Elizabeth Goodsitt, 608-266-1683
DHS, Partners Renew Commitment to Children’s System of Care Transformation
Work includes a new strategic plan to help children reach their fullest potential
Representatives from tribal nation, state, and local agencies, as well as children and caregivers, are in Wausau today and tomorrow for the Wisconsin Children’s System of Care Summit, an event organized by the Department of Health Services (DHS) designed to advance the state’s network of services and supports for children with or at risk of a mental health, substance use, or other challenge and their families.
“For our state to be strong, children and families must be valued, understood, and supported in their communities,” said DHS Secretary-designee Kirsten Johnson. “This means building a system of care for children and families to provide the right help, at the right time, in the right amount. This work requires connections and coordination among public and private organizations. That’s why we’ve organized this event. It’s an opportunity for partners to advance their shared commitment to help all children and families thrive.”
Wisconsin’s Children’s System of Care is not a service or a program. It is a culture of Wisconsin's behavioral health community and partners working as a team with a child and their family to achieve the outcomes identified by the child and family for individual and community wellness.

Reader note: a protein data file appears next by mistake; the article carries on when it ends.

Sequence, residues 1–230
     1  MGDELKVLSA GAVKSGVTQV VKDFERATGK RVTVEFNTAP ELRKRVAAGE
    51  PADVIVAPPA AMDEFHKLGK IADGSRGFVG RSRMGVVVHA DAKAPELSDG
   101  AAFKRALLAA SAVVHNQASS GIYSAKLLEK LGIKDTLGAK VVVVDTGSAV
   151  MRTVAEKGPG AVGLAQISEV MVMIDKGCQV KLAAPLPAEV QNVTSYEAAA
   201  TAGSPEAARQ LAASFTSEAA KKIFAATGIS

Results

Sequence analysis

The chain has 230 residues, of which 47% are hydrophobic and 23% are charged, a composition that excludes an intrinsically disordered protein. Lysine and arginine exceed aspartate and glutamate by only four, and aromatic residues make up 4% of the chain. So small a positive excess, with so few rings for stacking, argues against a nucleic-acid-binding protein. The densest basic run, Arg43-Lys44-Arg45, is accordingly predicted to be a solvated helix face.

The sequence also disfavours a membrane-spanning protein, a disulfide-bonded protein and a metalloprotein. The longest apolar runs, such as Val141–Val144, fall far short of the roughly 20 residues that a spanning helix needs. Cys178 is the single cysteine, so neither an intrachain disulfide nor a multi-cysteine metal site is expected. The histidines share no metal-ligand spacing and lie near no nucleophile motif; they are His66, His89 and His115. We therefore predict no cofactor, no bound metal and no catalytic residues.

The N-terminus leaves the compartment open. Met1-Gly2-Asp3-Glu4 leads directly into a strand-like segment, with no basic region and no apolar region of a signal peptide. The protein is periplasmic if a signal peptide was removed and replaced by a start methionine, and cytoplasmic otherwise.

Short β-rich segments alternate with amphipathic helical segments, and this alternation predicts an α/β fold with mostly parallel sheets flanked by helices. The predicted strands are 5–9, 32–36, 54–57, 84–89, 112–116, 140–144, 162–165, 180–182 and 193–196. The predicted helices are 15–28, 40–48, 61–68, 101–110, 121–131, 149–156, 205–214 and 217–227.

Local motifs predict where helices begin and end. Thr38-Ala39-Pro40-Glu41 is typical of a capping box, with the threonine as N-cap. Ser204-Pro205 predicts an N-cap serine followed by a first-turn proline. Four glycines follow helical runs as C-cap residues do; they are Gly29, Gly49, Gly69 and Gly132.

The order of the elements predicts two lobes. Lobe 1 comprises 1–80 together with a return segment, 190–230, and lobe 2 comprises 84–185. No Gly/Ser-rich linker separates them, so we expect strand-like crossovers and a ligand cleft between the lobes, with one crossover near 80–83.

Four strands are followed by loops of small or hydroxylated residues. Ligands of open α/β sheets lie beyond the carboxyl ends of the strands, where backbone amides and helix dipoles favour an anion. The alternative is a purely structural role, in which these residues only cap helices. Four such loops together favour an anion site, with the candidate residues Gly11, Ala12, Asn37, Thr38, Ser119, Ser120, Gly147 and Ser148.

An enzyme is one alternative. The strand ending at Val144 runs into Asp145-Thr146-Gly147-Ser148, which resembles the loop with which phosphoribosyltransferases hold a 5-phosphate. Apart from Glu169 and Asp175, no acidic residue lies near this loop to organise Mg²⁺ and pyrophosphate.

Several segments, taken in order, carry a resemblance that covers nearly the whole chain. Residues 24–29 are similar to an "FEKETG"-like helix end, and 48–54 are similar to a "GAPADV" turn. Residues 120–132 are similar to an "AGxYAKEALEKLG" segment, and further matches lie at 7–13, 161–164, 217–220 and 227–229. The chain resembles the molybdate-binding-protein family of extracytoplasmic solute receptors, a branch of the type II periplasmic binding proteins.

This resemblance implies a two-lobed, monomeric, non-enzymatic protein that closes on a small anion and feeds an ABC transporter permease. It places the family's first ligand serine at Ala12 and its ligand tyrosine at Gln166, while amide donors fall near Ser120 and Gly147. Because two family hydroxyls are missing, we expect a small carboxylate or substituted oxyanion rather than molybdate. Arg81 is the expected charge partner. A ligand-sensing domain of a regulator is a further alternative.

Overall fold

Today, invited guests heard from national and regional experts about the core components of an effective system of care. Wisconsin community leaders and parents also shared stories of their experiences with current services and supports as well as opportunities for improvements. The Western Region Recovery & Wellness Consortium, an association of Buffalo, Burnett, Chippewa, Dunn, Pepin, Pierce, Polk, Rusk, and Washburn counties, was recognized with the Children’s System of Care Champion Award for being responsive to the needs of local children and families by eliminating barriers to services and supports and empowering community partnerships.
Tomorrow, event participants will take what they learned today to develop a six-year strategic plan for Wisconsin’s Children’s System of Care, addressing the approach to services and supports and the infrastructure needed for success. Implementation of this strategic plan will be monitored by the Children’s Come First Advisory Committee, a group chartered in state law to provide guidance and recommendations on services and supports for children and their families.
The Wisconsin Children’s System of Care Summit is one of several projects related to mental health and substance use backed by Wisconsin’s share of funding from the American Rescue Plan Act.